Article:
TVL on Arbitrum has been robust and fairly consistent through 2022, dipping below the $1bn mark for a brief stretch from mid-June through July. GMX leads in TVL, accounting for one-third of Arbitrum’s total, and has shown steady growth through the year. Radiant, a lending protocol, had quickly accumulated a significant amount of TVL after launching late July and ended the year ranked #2 on Arbitrum, ahead of Ethereum’s most popular lending protocol, Aave. Vesta, an interest-free collateralized stablecoin provider, is the other Arbitrum-native project ranked in the top 10. The ‘Other’ category outside of the top 10 projects accounted for over 25% of TVL over 2022, a fairly high proportion compared to other chains that are dominated by a few DeFi protocols, reflecting the robustness and diversity of the DeFi ecosystem on Arbitrum (includes Dopex, Convex Finance, Abracadabra, Balancer, dForce).
Quarterly Summary Table
While Arbitrum One is the primary general network for DeFi and NFT activities, Arbitrum Nova is optimized for gaming and social applications. Nova launched to the public in August and is built using Arbitrum’s AnyTrust technology, which enables lower transaction costs at the expense of security. Rather than posting data on L1 by default, Nova requires a mild trust assumption as data is managed off-chain via an external Data Availability Committee (DAC). The inaugural members of Nova’s DAC include Offchain Labs, Consenys, Google Cloud, P2P, Quicknode, and Reddit. Both Arbitrum One and Arbitrum Nova run on the Nitro stack (more detailed technological discussion will be covered more in-depth in our next series report).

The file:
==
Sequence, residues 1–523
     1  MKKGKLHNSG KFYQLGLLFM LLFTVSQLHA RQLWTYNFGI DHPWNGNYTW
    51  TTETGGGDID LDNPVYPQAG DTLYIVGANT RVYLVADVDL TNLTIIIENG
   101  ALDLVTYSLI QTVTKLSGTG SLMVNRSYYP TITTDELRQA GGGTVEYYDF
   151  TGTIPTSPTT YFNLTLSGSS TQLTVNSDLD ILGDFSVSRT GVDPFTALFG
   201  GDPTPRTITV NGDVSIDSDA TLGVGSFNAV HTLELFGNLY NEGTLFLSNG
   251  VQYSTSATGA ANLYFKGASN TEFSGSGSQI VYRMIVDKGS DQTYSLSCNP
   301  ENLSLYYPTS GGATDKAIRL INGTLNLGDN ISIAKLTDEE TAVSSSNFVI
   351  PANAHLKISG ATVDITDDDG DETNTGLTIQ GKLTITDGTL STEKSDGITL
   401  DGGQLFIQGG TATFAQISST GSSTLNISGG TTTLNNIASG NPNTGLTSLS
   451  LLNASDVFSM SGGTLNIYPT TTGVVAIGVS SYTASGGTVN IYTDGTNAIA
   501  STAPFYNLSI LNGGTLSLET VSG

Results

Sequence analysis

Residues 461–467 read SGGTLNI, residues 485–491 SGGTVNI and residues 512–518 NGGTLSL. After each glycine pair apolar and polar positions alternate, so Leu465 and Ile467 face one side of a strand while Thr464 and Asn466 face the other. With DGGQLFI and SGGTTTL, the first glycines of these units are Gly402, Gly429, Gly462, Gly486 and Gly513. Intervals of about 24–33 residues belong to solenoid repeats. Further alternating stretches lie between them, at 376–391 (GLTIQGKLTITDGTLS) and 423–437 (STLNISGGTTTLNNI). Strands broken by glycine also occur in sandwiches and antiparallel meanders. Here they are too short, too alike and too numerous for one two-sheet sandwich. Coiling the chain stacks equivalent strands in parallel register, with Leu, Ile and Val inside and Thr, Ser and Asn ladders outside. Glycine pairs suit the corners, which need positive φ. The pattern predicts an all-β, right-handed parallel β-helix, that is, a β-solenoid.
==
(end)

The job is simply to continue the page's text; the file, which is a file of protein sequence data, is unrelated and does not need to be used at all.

Reddit has migrated its Community Points system to Nova after selecting Arbitrum as the winner of the Reddit Scaling Bake-Off, which also assessed proposals from other blockchains including Solana, StarkWare and Polygon. Reddit Community Points marks the first major deployment on Nova. Other live Nova ecosystem projects include several bridging providers, dexes, gaming, and NFT marketplaces.
Since its public launch on August 9th through year-end, there have been a total of 3.3m txs by 282k cumulative addresses on Nova, averaging 11.8 txs per address.